Skies in our region are expected to clear tomorrow evening when auroras are again likely. The cause goes back to a coronal mass ejection (CME) on August 4.  when a filament – a long arching garland of incandescent hydrogen gas – became unstable and erupted. You can see it fly away in the video; it’s the dark streak in the early images.

The aurora often starts early in the evening very low in the northern sky as a pale, arc-shaped glow. Peak activity is usually around midnight-1 a.m.

Cool video of Curiosity’s exciting ride into Gale Crater


Curiosity on the way down!

Wouldn’t you know it. I just finished posting and 10 minutes later got wind of the video of the Curiosity Rover descending to the surface of Mars. So here you go. While the resolution’s low, I suspect you’ll still enjoy the ride. These are thumbnails; full resolution pictures/video will be sent in the coming months. 297 of the approximately 1,504 color photos taken by the descent camera were put together to create the short sequence. They cover the final 2 1/2 minutes of the rover’s wild ride.

Color thumbnail image taken by Curiosity 2.5 minutes before touchdown showing the 15-foot-diameter heat shield after separation from the spacecraft. It was about 50 feet away at the time. Credit: NASA/JPL-Caltech/MSSS

The video’s not just cool to look at; the pictures have a purpose, too.

“These images will help the mission scientists interpret the rover’s surroundings, the rover drivers in planning for future drives across the surface, as well as assist engineers in their design of forthcoming landing systems for Mars or other worlds,” said Mike Malin, imaging
scientist for the Mars Science Lab mission.

Mars on the move; space station back in the evening sky

Mars forms rapidly changing patterns with Saturn and the star Spica in the coming two weeks. These maps show the sky facing low in the southwest about an hour after sunset. Created with Stellarium

Mars is unstoppable. Maybe you’ve already noticed that it’s trying its best to evade the setting sun in the western sky. Mars moves much faster than any of the other outer because it’s considerably closer to Earth. Its eastward orbital motion is obvious in a matter of just a few nights if the planet happens to be near a bright star or much slower moving planet.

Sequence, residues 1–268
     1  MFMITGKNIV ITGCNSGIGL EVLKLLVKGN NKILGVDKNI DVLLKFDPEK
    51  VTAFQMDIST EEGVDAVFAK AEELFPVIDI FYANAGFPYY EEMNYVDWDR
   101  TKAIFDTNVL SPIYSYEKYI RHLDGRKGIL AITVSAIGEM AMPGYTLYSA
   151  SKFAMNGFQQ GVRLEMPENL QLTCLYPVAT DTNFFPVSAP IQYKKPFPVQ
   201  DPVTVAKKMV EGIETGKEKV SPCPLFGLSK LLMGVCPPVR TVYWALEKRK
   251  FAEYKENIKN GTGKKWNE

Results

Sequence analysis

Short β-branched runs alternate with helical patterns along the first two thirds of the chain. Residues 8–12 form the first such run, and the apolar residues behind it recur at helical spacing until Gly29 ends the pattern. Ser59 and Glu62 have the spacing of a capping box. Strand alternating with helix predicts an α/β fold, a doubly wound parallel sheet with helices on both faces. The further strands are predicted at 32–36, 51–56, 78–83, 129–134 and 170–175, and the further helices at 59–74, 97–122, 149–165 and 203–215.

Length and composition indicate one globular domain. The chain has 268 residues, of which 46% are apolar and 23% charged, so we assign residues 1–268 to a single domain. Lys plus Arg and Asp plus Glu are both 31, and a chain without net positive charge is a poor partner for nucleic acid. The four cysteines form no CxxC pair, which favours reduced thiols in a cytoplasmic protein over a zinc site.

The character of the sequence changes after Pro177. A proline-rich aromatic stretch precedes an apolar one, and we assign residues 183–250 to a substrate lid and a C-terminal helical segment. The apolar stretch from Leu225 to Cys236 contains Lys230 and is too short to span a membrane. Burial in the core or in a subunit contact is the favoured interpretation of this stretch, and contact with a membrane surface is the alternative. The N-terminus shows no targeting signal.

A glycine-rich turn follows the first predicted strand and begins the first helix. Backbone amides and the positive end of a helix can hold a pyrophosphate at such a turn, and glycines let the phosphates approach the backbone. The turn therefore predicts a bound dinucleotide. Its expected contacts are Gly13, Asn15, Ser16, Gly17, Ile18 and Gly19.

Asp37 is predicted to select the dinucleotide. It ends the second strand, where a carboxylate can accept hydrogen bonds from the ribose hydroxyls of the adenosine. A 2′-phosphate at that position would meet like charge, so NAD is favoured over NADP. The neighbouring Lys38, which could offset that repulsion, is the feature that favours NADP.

The north wall and rim of Gale Crater taken by Curiosity’s Mars Hand Lens Imager (MAHLI). The haziness is from dust deposited on the camera’s clear dust cover during descent. I toned the image for better contrast. Click photo to see the original. Credit: NASA/JPL-Caltech/Malin Space Science Systems

That’s exactly where it is right now –  next door to Saturn and Spica in evening twilight. Mars threads the needle between the pair on the nights of August 13 and 14. As you watch the planet, consider that it carries its new robotic guest along for the ride at 15 miles per second or 3 miles per second slower that Earth. Being closer to the sun, our planet moves faster.

Today NASA shared what I believe is the first color photo from Curiosity. It was taken by the Mars Hand Lens Imager (MAHLI) mounted on Curiosity’s robotic arm. The camera’s main purpose is to shoot closeups of soil and rocks. When it’s ready for that job, the lens cover will be removed and we’ll get much sharper, contrastier images similar to yesterday’s picture of Mt. Sharp. This is the best color for now.

The full moon on August 1, 2012 captured by an astronaut on the International Space Station. Because the moon was so close to the horizon, the thicker (denser) air greatly distorted its shape.  Credit: NASA

While you’re out Mars-gazing, keep watch for the brightest satellite in the sky. The International Space Station (ISS) is back to making passes during evening hours. The times below are when you can see it in the Duluth, Minn. region. For times for your town, log in to Heavens Above or simply key in your zip code over at Spaceweather’s Satellite Flybys page. The ISS is a brilliant, steady light moving from west to east. A typical pass takes about five minutes.

* Tonight starting at 9:36 p.m. Pass across the south-southeastern sky. Second pass at 11:12 p.m. in the west; fades out as it enters Earth’s shadow not far from the North Star.
* Wednesday Aug. 8 at 10:19 p.m. straight across the top of the sky. Brilliant show!
* Thursday Aug. 9 at 9:26 p.m. high across the south and again at 11:03 p.m. in the northern sky.
* Friday Aug. 10 at 10:09 p.m. halfway up in the northern sky.
* Saturday Aug. 10 at 10:10 p.m. Nice pass across the north

Mt. Sharp beckons in Curiosity’s eyes

Hazcam image showing Mt. Sharp, which rises 3.4 miles high from the floor of Gale Crater. The Rover team plans to drive the probe to the mountain’s lower layers to sample and study soil and minerals. In the foreground are the rover’s shadow and two of its wheels. The dark bands in the near distance are dunes. Click for bigger version. Credit: NASA/JPL-Caltech